The economy is in the tank. Most economists seem to agree that second-quarter 2012 growth will come in lower than first-quarter’s 1.9%. The recession officially ended in the middle of 2011 and most economic indicators have risen since then but over the past year they all have flattened out. There are many reasons for this. While housing starts have grown, over $7 trillion of housing market value was wiped out in the months leading up to the recession and today over 11 million Americans owe more on their houses than they are worth. Then, Americans used rising home equity to fix up their homes, pay kid’s college tuitions and buy things for themselves; those days are far gone. Industrial production and investment is flat, and retail sales are declining. Unemployment is stagnant at 8.2%. Mr. Bernanke and the Fed plan to do something to increase liquidity (add more money to the economy) but so far the plans have not been made known.
Why am I saying all this? Why, because no where are the banks to be seen. Do you remember the bank bailout following the collapse of Bear Stearns and Lehman Brothers? Seems such a long time ago. Do you remember all the talk of investigating and seeking accountability for all the banks’ wrong doing? What happened? Nothing. And since then the banks have all become profitable, and the executives are once again receiving their bonuses. Just like the old days. How did the banks become profitable so quickly? The banks’ goals and objectives differed slightly from ours and the government’s. As they saw it, their priority was to get out from under the government’s thumb. So they needed to get profitable as quickly as possible and repay the government’s loans. This they did in record time. How did they do this you ask? Very simply: they traded. They did not lend to homebuilders and owners, or to small businesses, or to start up companies. No they traded for their own account government bonds. Instead of trading the sham real estate products that go themselves into trouble in the first place, they went into, what is known in the biz as the bond trade carry business. Prior to 1996 when banks were deregulated they had three functions: provide deposits (savings and checking), make loans and provide letters of credit for foreign transactions. Now they can do almost anything they want, including selling stocks and insurance. And since 1996 there have been many scandals that have touched on all these areas.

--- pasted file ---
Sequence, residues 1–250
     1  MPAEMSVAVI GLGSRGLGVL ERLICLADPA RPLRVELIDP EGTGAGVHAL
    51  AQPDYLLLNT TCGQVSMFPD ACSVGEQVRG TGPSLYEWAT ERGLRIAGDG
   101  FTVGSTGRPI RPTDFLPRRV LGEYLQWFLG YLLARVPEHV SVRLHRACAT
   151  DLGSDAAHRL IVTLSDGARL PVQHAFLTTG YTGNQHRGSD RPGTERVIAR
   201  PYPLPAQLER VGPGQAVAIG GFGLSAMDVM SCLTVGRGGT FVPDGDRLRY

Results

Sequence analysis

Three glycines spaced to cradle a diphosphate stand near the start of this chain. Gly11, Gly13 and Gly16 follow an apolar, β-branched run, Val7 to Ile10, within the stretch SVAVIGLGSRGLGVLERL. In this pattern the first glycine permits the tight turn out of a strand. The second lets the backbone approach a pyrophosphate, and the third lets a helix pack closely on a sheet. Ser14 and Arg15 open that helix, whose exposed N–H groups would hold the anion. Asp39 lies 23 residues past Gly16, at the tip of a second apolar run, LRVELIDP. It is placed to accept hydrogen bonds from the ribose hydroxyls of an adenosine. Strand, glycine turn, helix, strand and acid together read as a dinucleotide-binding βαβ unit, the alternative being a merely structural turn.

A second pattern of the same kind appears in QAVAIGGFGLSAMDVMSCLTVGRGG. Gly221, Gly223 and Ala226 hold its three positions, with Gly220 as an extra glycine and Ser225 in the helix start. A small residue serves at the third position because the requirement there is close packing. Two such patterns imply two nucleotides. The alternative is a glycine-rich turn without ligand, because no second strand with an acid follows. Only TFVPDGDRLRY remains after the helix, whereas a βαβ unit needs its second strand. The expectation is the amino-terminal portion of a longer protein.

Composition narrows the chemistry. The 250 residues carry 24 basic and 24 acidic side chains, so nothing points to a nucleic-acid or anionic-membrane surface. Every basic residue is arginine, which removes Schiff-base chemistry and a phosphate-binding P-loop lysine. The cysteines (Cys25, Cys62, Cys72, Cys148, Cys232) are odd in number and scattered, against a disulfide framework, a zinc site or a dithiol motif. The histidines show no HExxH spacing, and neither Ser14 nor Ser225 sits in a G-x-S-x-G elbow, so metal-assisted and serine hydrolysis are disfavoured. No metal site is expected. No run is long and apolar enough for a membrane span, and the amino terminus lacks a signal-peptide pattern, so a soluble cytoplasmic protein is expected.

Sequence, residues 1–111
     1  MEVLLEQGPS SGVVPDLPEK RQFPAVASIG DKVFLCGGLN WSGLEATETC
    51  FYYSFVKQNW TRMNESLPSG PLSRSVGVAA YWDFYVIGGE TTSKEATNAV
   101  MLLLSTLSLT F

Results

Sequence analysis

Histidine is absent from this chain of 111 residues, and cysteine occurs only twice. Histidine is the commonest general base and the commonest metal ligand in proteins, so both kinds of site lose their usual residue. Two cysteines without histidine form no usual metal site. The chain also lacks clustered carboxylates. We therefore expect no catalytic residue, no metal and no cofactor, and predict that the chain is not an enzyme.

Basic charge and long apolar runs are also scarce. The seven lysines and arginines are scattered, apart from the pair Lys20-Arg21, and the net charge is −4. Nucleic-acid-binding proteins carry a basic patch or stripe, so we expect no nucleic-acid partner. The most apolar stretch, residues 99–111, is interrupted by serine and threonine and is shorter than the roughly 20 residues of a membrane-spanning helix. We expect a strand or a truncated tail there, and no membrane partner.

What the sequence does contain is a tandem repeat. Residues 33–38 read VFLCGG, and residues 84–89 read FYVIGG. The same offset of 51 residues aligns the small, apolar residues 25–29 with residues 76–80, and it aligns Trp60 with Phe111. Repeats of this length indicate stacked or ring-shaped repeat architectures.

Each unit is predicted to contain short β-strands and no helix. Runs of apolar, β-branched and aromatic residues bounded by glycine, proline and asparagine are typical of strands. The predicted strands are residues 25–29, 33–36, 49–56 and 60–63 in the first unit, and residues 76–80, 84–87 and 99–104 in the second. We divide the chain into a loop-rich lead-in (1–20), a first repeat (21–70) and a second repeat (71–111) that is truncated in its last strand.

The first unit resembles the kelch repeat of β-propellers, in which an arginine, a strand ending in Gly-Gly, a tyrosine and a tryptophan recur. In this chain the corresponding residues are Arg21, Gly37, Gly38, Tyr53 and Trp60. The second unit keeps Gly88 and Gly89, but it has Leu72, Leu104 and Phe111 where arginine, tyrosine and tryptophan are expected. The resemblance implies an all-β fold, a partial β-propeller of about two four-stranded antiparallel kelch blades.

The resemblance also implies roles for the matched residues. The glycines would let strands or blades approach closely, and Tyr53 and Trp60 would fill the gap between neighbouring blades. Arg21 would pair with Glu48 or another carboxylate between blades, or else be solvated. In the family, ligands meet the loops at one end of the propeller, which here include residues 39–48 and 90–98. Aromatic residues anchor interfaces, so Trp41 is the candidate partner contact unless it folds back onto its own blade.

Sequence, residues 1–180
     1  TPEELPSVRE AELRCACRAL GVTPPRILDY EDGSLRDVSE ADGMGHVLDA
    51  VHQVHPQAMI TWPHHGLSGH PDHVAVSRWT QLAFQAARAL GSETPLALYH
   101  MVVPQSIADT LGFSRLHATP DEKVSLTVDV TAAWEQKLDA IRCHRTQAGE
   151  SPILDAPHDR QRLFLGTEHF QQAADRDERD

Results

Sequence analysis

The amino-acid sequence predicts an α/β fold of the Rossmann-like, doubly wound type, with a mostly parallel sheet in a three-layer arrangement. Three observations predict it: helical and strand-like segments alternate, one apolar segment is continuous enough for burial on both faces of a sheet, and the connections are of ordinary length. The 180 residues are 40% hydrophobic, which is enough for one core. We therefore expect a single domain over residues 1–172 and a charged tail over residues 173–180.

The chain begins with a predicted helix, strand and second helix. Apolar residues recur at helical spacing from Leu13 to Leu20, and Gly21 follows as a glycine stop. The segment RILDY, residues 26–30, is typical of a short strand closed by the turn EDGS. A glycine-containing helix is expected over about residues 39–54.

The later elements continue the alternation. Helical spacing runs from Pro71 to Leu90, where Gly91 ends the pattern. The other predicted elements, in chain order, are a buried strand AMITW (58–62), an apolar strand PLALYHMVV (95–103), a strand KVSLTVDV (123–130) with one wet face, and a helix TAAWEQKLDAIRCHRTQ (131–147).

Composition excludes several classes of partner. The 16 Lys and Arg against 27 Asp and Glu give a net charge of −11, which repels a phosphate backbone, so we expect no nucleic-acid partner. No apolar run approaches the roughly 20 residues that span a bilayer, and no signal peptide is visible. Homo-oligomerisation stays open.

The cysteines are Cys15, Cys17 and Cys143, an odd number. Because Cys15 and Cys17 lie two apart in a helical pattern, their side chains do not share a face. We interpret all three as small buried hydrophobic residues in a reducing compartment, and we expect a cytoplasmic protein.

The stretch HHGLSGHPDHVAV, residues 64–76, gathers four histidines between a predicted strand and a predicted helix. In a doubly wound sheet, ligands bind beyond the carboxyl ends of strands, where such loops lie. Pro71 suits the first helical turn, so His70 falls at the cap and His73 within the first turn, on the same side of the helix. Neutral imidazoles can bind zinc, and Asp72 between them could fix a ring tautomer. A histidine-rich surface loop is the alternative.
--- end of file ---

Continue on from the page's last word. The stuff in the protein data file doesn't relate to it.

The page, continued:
Lending creates jobs and helps grow the economy. The government made capital available to the banks; the banks did not make it available to the American people and businesses. I fear the Fed will again make capital easily available to the banks and the banks will ignore their basic responsibility and continue trading at the sacrifice of investing in America. And most Americans will not say a word. They will not pay attention. They will remain asleep. But what about the administration and both houses of Congress? Why are they silent about this? Could it be in that in the race to raise $2 billion both political parties are loathe to rock the boat? To not bite the hands that feed them?